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Why low oil prices could be a blessing in disguise

The dramatic fall in oil prices triggered in part by the price war between Saudi Arabia and Russia has generally been seen as signaling economic disaster not only for the oil producers but also for countries, especially in the Middle East, which depend on remittances from their nationals working in major oil exporting states such Saudi Arabia and the UAE.

The situation is made more serious by the fact that a quick recovery in oil prices is unlikely, especially in light of the overall slowdown of the global economy as a result of COVID-19. Yet, if properly understood and used, the lower oil prices and the drop in the income of major oil producers could prove to be a blessing in disguise by prompting more rational and less unrealistic economic and political objectives, plus a renegotiation of the social and political bargain between governments and peoples in the Middle East.

Misuse of oil wealth

After the sharp increase in the oil producers’ incomes in the 1970s, there were great hopes for the development of not only the Middle East, but also other developing countries, including in Africa. There were many schemes for intra-Arab economic cooperation as well as so-called Afro-Arab cooperation. Asian countries were not excluded from such schemes. It was hoped at the time that the capital of oil exporters, the technology of the Western states, and the resources of other states could be harnessed for global development within the framework of what was then referred to as Trilateral Cooperation.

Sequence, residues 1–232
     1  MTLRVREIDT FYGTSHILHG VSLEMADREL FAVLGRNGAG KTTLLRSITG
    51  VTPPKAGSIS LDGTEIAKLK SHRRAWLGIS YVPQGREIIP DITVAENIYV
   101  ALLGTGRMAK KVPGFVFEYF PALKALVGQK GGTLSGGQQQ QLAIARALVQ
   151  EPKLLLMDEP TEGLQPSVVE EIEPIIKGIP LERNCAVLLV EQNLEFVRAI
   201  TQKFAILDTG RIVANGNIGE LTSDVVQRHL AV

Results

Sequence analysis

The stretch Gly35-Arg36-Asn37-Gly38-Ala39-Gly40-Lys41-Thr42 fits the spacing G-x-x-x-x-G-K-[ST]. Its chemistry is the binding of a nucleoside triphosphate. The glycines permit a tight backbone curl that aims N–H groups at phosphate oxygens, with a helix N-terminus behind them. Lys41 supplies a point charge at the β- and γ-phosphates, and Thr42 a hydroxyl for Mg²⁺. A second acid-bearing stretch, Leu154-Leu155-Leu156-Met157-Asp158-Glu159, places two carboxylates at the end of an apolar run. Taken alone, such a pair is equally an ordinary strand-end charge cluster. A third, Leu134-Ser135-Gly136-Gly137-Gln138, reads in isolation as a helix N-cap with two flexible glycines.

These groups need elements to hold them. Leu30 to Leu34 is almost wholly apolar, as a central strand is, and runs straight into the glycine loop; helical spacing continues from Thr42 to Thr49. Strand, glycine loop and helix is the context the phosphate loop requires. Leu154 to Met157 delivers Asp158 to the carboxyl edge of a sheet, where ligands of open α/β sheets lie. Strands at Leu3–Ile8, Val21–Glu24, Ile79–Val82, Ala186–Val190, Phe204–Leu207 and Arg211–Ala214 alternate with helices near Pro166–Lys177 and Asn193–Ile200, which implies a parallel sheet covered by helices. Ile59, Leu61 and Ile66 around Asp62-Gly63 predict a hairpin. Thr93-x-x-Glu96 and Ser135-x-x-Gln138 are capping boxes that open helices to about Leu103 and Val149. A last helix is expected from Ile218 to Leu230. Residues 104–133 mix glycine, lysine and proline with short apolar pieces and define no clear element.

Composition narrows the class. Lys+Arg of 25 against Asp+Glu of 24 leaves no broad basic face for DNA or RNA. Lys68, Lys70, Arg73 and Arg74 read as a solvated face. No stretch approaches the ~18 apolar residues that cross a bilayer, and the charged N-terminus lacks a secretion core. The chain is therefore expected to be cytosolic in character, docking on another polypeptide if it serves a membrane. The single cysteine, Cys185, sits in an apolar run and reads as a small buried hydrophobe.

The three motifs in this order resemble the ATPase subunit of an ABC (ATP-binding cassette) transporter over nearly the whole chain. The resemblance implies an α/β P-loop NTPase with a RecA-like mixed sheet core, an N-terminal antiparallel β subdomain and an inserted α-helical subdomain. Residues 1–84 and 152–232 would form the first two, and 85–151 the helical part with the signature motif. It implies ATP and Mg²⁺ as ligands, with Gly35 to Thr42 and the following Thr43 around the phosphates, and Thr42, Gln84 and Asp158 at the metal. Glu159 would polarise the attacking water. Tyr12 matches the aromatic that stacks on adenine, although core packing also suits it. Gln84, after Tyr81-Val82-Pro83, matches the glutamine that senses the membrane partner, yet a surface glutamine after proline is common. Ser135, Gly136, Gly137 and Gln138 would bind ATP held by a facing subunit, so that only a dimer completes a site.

By the 1980s, nothing much was left of these lofty objectives. With the arrival of the Reagan administration in 1981, the United States lost interest in the Third World except as an arena of competition with the USSR as in Afghanistan. The oil exporters used their money to buy arms and build huge white elephants, including in desert areas, or to buy hotels, palaces, and other luxuries in Western countries. Although relatively large amounts of aid were dispensed to poor countries, they were not used to make wise investments in agriculture and industry which could have helped in the development of self-sustaining economies.

Some of the misuse of funds was the consequence of the strategies for what was then called the recycling of petrodollars and was aimed at providing recompense to industrial states for the higher prices of imported energy. Buying large amounts of weapons, investing in large economies, and even buying real state and luxury items were part of the deal.

Financing wars and terror

The increase in oil exporters’ wealth also contributed to regional wars. For instance, Iraq could not have initiated and conducted an eight-year war against Iran without the financial and material support of oil rich countries. Iran itself, although much less well endowed in petrodollars, would have been forced to end the war sooner without oil income.